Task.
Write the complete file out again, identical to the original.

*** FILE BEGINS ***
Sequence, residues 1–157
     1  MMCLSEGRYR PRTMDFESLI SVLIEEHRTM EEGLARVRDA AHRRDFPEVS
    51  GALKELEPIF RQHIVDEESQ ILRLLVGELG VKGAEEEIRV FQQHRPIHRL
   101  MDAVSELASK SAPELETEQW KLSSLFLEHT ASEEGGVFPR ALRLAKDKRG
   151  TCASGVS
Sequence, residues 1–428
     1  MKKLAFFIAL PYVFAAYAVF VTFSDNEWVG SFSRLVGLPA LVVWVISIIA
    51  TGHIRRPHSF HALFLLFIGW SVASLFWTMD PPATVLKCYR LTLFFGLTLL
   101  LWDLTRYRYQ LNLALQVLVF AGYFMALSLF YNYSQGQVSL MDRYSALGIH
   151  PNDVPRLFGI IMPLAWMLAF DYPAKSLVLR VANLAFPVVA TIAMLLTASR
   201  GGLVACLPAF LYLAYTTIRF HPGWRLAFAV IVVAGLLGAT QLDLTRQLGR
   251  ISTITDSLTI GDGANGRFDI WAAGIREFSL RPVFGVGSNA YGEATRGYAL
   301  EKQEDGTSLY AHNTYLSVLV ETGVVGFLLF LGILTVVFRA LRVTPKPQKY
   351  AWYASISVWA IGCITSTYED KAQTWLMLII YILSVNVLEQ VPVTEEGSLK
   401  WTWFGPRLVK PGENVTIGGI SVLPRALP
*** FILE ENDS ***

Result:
Sequence, residues 1–157
     1  MMCLSEGRYR PRTMDFESLI SVLIEEHRTM EEGLARVRDA AHRRDFPEVS
    51  GALKELEPIF RQHIVDEESQ ILRLLVGELG VKGAEEEIRV FQQHRPIHRL
   101  MDAVSELASK SAPELETEQW KLSSLFLEHT ASEEGGVFPR ALRLAKDKRG
   151  TCASGVS
Sequence, residues 1–428
     1  MKKLAFFIAL PYVFAAYAVF VTFSDNEWVG SFSRLVGLPA LVVWVISIIA
    51  TGHIRRPHSF HALFLLFIGW SVASLFWTMD PPATVLKCYR LTLFFGLTLL
   101  LWDLTRYRYQ LNLALQVLVF AGYFMALSLF YNYSQGQVSL MDRYSALGIH
   151  PNDVPRLFGI IMPLAWMLAF DYPAKSLVLR VANLAFPVVA TIAMLLTASR
   201  GGLVACLPAF LYLAYTTIRF HPGWRLAFAV IVVAGLLGAT QLDLTRQLGR
   251  ISTITDSLTI GDGANGRFDI WAAGIREFSL RPVFGVGSNA YGEATRGYAL
   301  EKQEDGTSLY AHNTYLSVLV ETGVVGFLLF LGILTVVFRA LRVTPKPQKY
   351  AWYASISVWA IGCITSTYED KAQTWLMLII YILSVNVLEQ VPVTEEGSLK
   401  WTWFGPRLVK PGENVTIGGI SVLPRALP